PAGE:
Data company says current rate of COVID-19 N95 usage is ‘unsustainable’
The company recommended the use of surgical masks for lower risk calls in order to preserve the supply of respirators
By Laura French
AUSTIN, Texas – ESO, a data and software company serving EMS, fire departments and hospitals, has been monitoring its dataset in relation to PPE – specifically N95 respirators – in use by EMS providers and responders during the COVID-19 outbreak.
The current use shows ESO customers are using N95 respirators at the rate of more than 9,000 a day on approximately 25,000 daily 911 calls, putting customers on pace to use more than one million N95 respirators in the next three months, the company reported on Monday.
“The current trend of using N95 respirators indicates an unsustainable trajectory,” said Dr. Brent Myers, Chief Medical Officer for ESO. “We encourage organizations to follow the Centers for Disease Control and Prevention (CDC) and World Health Organization (WHO) guidelines in relation to the use of surgical masks versus N95 respirators unless performing invasive, aerosol- generating procedures or participating in other high-risk situations.”
ESO recently launched a COVID-19 Resource Center with key data elements updated on a daily basis to help keep the industry informed, including:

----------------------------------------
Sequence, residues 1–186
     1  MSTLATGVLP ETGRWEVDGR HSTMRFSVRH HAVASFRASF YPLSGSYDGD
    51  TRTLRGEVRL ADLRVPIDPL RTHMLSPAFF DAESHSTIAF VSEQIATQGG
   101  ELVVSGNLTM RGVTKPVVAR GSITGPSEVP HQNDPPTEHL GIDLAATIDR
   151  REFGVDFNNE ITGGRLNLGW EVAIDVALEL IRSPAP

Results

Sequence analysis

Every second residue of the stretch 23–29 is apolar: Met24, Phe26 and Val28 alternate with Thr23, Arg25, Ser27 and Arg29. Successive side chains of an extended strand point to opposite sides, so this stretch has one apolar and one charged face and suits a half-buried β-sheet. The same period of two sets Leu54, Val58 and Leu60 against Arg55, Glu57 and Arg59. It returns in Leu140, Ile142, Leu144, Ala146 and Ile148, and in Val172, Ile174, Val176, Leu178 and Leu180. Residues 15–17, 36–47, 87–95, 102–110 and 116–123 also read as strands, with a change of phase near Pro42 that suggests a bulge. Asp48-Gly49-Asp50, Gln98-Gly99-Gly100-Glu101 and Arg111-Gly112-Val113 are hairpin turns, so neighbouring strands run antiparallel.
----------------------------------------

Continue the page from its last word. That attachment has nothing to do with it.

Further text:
- 911 records with COVID-19 EMS provider impressions by response type
- Documented PPE use among all 911 records
- Disposition of 911 patients with COVID-19 EMS provider impressions
- Age distribution of 911 patients with COVID-19 EMS impressions
- Airway interventions among 911 patients with COVID-19 EMS provider impressions
- Medications by category among 911 Patients with COVID-19 EMS provider impressions
The data for the Resource Center comes from the ESO database consisting of more than 2,600 EMS agencies across the United States.
“We will continue to analyze these data daily and monitor trends associated with the use of PPE to do our small part to help our customers and the industry hopefully stay ahead of the curve,” added Myers. “At this time, we feel it is necessary to share as much data and information as we can to identify trends that will help EMS and fire departments manage the outbreak in their communities.”
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